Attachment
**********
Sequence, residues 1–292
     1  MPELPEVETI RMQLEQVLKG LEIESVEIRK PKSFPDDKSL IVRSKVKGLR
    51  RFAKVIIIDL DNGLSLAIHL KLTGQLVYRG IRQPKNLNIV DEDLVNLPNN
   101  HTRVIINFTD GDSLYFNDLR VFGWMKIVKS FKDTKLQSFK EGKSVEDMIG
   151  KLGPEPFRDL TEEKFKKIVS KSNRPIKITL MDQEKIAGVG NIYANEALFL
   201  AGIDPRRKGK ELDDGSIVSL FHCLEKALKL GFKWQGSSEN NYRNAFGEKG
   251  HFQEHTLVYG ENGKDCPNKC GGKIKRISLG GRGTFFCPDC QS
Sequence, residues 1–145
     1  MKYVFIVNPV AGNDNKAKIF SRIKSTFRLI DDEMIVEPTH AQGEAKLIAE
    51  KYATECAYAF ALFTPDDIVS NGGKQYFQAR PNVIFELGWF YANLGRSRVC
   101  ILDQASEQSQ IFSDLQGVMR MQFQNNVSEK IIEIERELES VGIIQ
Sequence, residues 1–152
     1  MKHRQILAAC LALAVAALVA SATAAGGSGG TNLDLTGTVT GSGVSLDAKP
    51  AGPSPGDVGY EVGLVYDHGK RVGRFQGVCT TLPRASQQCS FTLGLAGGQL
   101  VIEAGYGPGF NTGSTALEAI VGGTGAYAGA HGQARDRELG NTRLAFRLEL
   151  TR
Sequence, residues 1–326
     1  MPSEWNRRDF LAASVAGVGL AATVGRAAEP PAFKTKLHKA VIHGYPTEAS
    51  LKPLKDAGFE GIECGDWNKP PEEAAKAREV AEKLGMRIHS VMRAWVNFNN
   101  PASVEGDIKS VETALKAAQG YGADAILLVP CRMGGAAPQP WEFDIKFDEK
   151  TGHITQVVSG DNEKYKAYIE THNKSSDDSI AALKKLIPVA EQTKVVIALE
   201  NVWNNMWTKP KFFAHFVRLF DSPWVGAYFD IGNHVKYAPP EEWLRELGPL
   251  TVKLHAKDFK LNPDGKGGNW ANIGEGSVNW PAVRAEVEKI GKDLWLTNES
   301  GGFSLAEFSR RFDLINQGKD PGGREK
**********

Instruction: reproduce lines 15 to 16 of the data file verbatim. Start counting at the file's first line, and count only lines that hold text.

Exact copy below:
   101  VIEAGYGPGF NTGSTALEAI VGGTGAYAGA HGQARDRELG NTRLAFRLEL
   151  TR